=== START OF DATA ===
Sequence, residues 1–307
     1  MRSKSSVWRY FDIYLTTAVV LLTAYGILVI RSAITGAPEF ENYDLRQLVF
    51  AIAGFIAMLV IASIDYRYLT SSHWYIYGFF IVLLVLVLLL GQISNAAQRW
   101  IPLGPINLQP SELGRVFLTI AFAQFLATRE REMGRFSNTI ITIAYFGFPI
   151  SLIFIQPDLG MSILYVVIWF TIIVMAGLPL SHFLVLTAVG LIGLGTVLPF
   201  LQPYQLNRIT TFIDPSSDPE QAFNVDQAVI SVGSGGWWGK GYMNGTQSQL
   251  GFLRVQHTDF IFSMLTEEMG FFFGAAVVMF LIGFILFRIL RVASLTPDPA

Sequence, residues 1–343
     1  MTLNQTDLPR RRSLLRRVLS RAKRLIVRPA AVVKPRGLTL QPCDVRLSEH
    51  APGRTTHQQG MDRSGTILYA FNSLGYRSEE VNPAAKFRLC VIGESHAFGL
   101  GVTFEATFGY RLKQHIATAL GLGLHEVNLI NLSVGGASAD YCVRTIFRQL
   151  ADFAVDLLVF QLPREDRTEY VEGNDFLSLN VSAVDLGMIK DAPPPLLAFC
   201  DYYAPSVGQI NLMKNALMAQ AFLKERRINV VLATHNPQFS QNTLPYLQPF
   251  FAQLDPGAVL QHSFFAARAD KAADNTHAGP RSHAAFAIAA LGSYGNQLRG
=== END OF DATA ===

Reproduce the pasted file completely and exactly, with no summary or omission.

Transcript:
Sequence, residues 1–307
     1  MRSKSSVWRY FDIYLTTAVV LLTAYGILVI RSAITGAPEF ENYDLRQLVF
    51  AIAGFIAMLV IASIDYRYLT SSHWYIYGFF IVLLVLVLLL GQISNAAQRW
   101  IPLGPINLQP SELGRVFLTI AFAQFLATRE REMGRFSNTI ITIAYFGFPI
   151  SLIFIQPDLG MSILYVVIWF TIIVMAGLPL SHFLVLTAVG LIGLGTVLPF
   201  LQPYQLNRIT TFIDPSSDPE QAFNVDQAVI SVGSGGWWGK GYMNGTQSQL
   251  GFLRVQHTDF IFSMLTEEMG FFFGAAVVMF LIGFILFRIL RVASLTPDPA

Sequence, residues 1–343
     1  MTLNQTDLPR RRSLLRRVLS RAKRLIVRPA AVVKPRGLTL QPCDVRLSEH
    51  APGRTTHQQG MDRSGTILYA FNSLGYRSEE VNPAAKFRLC VIGESHAFGL
   101  GVTFEATFGY RLKQHIATAL GLGLHEVNLI NLSVGGASAD YCVRTIFRQL
   151  ADFAVDLLVF QLPREDRTEY VEGNDFLSLN VSAVDLGMIK DAPPPLLAFC
   201  DYYAPSVGQI NLMKNALMAQ AFLKERRINV VLATHNPQFS QNTLPYLQPF
   251  FAQLDPGAVL QHSFFAARAD KAADNTHAGP RSHAAFAIAA LGSYGNQLRG